For most of the offseason, the thought has been that “the draft starts at No. 3.” What people mean is that it’s very likely Trevor Lawrence is going to go No. 1 overall to the Jacksonville Jaguars and Zach Wilson is going No. 2 to the New York Jets. So with no mystery in the first two picks, the uncertainty of the draft really began at No. 3, where the Miami Dolphins were slated to start the offseason.
This wasn’t the first season where the Dolphins had been a focal point of a draft cycle. Since general manager Chris Grier has been in the decision-making chair, the Dolphins have often been a trending topic in late April. The reason is due to Grier’s approach: treating draft picks like investments instead of just prizes.
It started in Grier’s first draft as general manager, as he was the one who took the chance on the sliding Laremy Tunsil in 2016. But the Dolphins didn’t always sit at pick No. 13 where they selected him. They previously traded down from No. 8 to No. 13 to make that happen. They also drafted cornerback Xavien Howard in the second round. 2017 was not a great draft, as the Dolphins came away with Charles Harris, Raekwon McMillan, and Cordrea Tankersley with their first three picks. However, the following year, Grier made big splashes with Minkah Fitzpatrick, Mike Gesicki, and Jerome Baker.
But 2019 is when things really started to heat up for Grier and his staff. The Dolphins made just one pick in the top 75 that cycle and it was Christian Wilkins in the first round. But later that year, in September to be exact, Grier traded Tunsil to the Houston Texans for a 2020 first-round pick, a 2021 first-round pick, a 2021 second-round pick, cornerback Johnson Bademosi, and offensive tackle Julien Davenport. Two weeks later, Grier traded Fitzpatrick to the Pittsburgh Steelers for another 2020 first-round pick. That has allowed the Dolphins to keep their foot on the gas pedal when it comes to draft day moves.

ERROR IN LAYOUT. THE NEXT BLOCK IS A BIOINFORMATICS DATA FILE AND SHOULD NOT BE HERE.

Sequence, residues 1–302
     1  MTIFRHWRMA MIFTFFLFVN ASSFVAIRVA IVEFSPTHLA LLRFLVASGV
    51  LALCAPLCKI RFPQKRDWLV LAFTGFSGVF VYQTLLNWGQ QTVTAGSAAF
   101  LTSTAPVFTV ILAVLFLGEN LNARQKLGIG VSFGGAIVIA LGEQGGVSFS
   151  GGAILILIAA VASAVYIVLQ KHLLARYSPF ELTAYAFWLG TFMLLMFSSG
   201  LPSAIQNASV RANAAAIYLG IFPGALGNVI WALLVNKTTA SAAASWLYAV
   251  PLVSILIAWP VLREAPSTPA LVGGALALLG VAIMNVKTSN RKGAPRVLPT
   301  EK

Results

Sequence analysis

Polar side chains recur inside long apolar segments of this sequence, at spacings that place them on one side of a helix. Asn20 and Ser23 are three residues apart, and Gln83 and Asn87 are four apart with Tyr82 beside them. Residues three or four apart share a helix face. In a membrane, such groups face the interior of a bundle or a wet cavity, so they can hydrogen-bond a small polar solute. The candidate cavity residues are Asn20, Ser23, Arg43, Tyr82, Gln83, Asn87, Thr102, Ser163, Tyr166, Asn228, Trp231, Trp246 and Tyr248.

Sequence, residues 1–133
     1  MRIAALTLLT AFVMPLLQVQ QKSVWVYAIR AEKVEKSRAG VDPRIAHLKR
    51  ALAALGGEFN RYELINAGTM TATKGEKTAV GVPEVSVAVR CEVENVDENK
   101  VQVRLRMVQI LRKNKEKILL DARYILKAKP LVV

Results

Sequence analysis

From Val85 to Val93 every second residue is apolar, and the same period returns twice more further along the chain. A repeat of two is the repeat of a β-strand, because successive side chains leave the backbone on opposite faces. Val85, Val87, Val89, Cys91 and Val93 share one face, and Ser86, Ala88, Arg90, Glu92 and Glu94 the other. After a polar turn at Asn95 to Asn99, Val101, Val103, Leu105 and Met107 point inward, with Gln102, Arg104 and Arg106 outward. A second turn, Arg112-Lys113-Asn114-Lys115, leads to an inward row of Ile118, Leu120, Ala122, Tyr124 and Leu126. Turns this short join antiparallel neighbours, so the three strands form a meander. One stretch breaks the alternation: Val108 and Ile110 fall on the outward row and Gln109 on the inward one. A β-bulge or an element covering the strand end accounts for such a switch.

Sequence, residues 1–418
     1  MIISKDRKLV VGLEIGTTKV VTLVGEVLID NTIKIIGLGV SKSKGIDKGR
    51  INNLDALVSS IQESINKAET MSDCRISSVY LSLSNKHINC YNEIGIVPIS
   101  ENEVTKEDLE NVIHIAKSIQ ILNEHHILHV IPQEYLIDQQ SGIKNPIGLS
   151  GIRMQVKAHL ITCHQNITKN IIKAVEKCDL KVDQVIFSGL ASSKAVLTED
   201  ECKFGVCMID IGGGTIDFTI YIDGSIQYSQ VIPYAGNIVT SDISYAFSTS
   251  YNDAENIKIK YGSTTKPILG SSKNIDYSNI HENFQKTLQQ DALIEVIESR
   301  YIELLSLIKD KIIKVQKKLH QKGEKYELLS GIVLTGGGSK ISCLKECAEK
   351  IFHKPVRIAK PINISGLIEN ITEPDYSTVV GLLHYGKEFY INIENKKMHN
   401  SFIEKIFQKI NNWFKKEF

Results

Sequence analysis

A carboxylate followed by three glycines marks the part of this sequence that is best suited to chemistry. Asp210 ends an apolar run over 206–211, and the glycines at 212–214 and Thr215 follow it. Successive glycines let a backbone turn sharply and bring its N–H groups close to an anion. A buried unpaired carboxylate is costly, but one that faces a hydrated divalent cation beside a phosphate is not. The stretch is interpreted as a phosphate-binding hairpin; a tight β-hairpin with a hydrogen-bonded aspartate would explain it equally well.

In 2020, they used their three first-round picks on quarterback Tua Tagovailoa, offensive tackle Austin Jackson, and cornerback Noah Igbinoghene. But they were able to move a bit for that last one, as they traded from No. 26 to No. 30 for an extra fourth-round pick—a job well done on an impactful first-round haul. They also had an extra second-round pick that year after trading down in the second round the year before with the New Orleans Saints—another vintage Grier move.
Fast forward to this year and Grier has continued the trend of treating his draft picks not just as prizes but as investments. With the No. 3 overall pick this year (that belonged to Houston originally, but then Miami due to the Tunsil trade), Grier was able to turn that one first-round pick into three by trading down with the San Francisco 49ers to No. 12, picking up extra first-round picks in 2022 and 2023 and an extra third-round pick in 2022. They made quick work of that deal, as they used one of those extra picks shortly after to move from No. 12 to No. 6 in a trade with the Philadelphia Eagles. All in all, the Dolphins moved down three spots and gained an extra first-round pick in 2023, an extra third-round pick in 2022, and an extra fifth-round pick in 2021.
Grier’s fearlessness to move around in the draft is the gift that keeps on giving. Did he get lucky with the Texans being as bad as they were? Sure, he did. But we all need a little luck to get to the places we want to go. As of right now, no general manager as of late has done more with the investments of draft picks than Grier. As we’ve seen before, these are the types of general managers who have a chance to really put their team in a good position to open a winning window and keep it open for an extended period of time.